The word "free" might as well be retired from app store pricing, given it almost never means what you think it means (to paraphrase Inigo Montoya). The European Union was also somewhat confused about the label and its use with mobile games that, if you plan to actually play them, money must be exchanged (*cough* Dungeon Keeper *cough*). The EU has now set out a number of guidelines the likes of Google and Apple must follow, though one has been more accommodating than the other.
According to a press release from the European Commission, the EU's Consumer Protection Cooperation (CPC) agreed on the following conditions, which it "communicated to Apple, Google and the Interactive Software Federation of Europe" in December of last year:
- Games advertised as "free" should not mislead consumers about the true costs involved;
- Games should not contain direct exhortation to children to buy items in a game or to persuade an adult to buy items for them;
- Consumers should be adequately informed about the payment arrangements for purchases and should not be debited through default settings without consumers’ explicit consent;
- Traders should provide an email address so that consumers can contact them in case of queries or complaints.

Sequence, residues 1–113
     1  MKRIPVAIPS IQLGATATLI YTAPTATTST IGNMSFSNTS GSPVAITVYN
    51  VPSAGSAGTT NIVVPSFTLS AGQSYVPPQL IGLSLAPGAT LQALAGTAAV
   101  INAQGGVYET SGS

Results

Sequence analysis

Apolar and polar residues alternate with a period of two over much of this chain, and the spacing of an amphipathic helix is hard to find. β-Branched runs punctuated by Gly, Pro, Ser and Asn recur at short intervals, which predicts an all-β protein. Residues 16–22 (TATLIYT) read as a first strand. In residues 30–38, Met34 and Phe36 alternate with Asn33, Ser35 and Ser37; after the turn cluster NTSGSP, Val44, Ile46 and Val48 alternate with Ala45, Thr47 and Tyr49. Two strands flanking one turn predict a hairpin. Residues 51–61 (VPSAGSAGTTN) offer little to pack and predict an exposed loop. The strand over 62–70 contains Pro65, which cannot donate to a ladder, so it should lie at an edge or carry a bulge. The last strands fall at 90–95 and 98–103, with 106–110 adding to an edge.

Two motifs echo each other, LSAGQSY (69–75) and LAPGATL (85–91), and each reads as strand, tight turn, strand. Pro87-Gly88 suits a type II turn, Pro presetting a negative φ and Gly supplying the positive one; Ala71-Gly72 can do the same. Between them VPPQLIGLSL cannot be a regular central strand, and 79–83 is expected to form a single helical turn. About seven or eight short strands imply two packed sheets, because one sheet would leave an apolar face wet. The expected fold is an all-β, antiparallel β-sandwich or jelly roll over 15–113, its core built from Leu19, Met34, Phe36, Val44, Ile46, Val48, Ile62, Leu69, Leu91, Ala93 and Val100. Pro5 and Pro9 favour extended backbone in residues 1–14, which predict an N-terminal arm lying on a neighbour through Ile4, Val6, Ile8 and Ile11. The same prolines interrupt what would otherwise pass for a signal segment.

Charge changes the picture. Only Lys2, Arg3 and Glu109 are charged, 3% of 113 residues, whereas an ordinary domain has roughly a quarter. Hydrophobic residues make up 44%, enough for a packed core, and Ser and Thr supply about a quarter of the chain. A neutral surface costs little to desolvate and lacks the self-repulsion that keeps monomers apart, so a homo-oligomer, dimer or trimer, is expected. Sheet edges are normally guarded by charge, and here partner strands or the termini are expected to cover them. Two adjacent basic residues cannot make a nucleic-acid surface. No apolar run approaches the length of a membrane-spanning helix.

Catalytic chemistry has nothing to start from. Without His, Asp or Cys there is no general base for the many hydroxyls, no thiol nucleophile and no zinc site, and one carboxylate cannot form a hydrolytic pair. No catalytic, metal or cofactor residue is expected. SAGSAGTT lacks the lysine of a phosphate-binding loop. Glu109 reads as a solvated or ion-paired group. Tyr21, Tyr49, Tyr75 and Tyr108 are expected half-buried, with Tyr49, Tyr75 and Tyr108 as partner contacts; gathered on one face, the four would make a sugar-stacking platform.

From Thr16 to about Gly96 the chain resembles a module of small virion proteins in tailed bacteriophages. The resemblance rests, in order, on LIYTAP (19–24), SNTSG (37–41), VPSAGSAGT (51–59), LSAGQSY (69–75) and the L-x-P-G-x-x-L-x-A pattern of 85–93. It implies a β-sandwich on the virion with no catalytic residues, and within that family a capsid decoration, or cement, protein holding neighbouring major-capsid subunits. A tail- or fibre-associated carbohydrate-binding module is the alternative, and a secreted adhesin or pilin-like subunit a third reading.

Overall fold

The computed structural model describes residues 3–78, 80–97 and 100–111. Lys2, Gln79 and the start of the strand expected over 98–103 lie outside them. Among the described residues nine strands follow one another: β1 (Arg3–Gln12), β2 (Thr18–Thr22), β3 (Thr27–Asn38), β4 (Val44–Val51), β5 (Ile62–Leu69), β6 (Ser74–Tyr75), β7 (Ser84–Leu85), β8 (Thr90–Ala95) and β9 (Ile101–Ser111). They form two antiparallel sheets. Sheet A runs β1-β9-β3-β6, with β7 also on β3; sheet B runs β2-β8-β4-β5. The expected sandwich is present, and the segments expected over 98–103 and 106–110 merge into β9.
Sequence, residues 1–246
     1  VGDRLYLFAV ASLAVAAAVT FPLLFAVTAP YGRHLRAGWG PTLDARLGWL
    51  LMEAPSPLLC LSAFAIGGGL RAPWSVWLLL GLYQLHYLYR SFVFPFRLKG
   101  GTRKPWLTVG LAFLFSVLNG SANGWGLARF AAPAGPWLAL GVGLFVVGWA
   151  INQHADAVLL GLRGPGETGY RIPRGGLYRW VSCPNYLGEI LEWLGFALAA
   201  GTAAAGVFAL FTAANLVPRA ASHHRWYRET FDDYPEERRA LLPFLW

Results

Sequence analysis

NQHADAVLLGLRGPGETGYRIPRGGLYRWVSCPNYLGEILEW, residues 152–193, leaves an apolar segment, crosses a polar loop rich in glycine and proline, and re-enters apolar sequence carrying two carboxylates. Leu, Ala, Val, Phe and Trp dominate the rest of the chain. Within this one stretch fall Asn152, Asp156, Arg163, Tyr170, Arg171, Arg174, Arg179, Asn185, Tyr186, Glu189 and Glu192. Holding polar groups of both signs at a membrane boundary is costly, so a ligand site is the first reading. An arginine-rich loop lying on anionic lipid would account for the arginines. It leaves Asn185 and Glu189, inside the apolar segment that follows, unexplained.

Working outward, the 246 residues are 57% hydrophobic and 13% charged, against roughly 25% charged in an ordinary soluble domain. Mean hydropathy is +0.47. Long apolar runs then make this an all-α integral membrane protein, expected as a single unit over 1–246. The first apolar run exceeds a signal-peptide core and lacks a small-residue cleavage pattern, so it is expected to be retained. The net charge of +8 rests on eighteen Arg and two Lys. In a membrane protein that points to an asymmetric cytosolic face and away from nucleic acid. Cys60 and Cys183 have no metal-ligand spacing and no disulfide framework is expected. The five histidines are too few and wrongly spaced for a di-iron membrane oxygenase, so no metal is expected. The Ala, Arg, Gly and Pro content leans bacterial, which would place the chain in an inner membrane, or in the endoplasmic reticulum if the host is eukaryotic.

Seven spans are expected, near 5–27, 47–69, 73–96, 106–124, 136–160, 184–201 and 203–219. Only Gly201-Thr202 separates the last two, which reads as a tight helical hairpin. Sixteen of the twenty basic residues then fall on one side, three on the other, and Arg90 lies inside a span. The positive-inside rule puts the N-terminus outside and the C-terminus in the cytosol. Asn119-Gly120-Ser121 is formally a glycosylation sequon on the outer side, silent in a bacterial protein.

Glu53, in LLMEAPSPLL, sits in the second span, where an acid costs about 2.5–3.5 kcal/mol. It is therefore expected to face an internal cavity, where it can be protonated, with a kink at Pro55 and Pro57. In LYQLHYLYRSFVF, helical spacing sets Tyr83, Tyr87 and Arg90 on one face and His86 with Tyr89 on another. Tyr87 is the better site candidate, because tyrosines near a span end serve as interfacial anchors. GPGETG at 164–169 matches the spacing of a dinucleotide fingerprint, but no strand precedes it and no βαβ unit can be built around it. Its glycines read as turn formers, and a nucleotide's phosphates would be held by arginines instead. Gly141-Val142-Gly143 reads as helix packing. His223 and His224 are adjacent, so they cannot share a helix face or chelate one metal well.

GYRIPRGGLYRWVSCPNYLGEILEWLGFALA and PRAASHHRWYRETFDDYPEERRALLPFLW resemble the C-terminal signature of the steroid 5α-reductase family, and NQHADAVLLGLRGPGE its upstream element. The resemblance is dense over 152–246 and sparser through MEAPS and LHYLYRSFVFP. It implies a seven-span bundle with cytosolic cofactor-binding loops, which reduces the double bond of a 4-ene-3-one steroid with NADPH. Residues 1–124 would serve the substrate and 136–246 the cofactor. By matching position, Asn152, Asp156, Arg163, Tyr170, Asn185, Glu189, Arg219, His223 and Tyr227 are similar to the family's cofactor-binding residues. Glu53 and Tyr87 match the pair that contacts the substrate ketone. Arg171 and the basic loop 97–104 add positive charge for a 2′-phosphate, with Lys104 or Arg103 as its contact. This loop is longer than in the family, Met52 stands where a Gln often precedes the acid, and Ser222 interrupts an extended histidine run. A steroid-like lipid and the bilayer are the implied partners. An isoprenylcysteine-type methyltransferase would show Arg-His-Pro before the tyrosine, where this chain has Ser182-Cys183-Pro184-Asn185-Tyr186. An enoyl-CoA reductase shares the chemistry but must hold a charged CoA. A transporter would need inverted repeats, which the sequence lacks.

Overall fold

The release goes on to mention that Google will be implementing "a number of changes" come September 2014. The biggest of these is to no longer mark games with in-app purchases but no initial cost as "free". It's also working on protocols to "prevent direct exhortation of children" and making it so that every in-app purchase must be authorised by default.
Apple, on the other hand, hasn't provided the EU with much of anything:
Although, regrettably, no concrete and immediate solutions have been made by Apple to date to address the concerns linked in particular to payment authorisation, Apple has proposed to address those concerns. However, no firm commitment and no timing have been provided for the implementation of such possible future changes.
It's important to note that all these changes are being driven by the European Union and as such, might not apply to other regions such as Australia. That said, I wouldn't be surprised if Google just made it a flat policy across all stores.